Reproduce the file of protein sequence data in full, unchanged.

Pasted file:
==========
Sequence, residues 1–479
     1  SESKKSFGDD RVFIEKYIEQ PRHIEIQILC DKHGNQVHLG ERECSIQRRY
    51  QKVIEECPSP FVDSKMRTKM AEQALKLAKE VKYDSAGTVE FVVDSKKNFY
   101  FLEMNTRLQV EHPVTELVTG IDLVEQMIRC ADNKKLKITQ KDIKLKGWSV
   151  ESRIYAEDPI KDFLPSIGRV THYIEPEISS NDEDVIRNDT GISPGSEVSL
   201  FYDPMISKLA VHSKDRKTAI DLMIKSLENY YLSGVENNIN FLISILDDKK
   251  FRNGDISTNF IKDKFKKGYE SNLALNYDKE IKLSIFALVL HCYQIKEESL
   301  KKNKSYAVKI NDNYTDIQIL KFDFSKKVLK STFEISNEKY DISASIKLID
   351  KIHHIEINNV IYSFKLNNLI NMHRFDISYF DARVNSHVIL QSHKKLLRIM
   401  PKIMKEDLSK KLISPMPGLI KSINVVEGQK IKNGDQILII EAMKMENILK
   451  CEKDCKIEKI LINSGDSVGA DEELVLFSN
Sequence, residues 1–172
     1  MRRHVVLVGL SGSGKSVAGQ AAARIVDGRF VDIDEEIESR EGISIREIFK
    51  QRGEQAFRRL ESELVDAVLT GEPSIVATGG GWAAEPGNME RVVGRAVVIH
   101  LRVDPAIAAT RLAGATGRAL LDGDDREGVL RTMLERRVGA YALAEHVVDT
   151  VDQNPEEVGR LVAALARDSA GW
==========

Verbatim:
Sequence, residues 1–479
     1  SESKKSFGDD RVFIEKYIEQ PRHIEIQILC DKHGNQVHLG ERECSIQRRY
    51  QKVIEECPSP FVDSKMRTKM AEQALKLAKE VKYDSAGTVE FVVDSKKNFY
   101  FLEMNTRLQV EHPVTELVTG IDLVEQMIRC ADNKKLKITQ KDIKLKGWSV
   151  ESRIYAEDPI KDFLPSIGRV THYIEPEISS NDEDVIRNDT GISPGSEVSL
   201  FYDPMISKLA VHSKDRKTAI DLMIKSLENY YLSGVENNIN FLISILDDKK
   251  FRNGDISTNF IKDKFKKGYE SNLALNYDKE IKLSIFALVL HCYQIKEESL
   301  KKNKSYAVKI NDNYTDIQIL KFDFSKKVLK STFEISNEKY DISASIKLID
   351  KIHHIEINNV IYSFKLNNLI NMHRFDISYF DARVNSHVIL QSHKKLLRIM
   401  PKIMKEDLSK KLISPMPGLI KSINVVEGQK IKNGDQILII EAMKMENILK
   451  CEKDCKIEKI LINSGDSVGA DEELVLFSN
Sequence, residues 1–172
     1  MRRHVVLVGL SGSGKSVAGQ AAARIVDGRF VDIDEEIESR EGISIREIFK
    51  QRGEQAFRRL ESELVDAVLT GEPSIVATGG GWAAEPGNME RVVGRAVVIH
   101  LRVDPAIAAT RLAGATGRAL LDGDDREGVL RTMLERRVGA YALAEHVVDT
   151  VDQNPEEVGR LVAALARDSA GW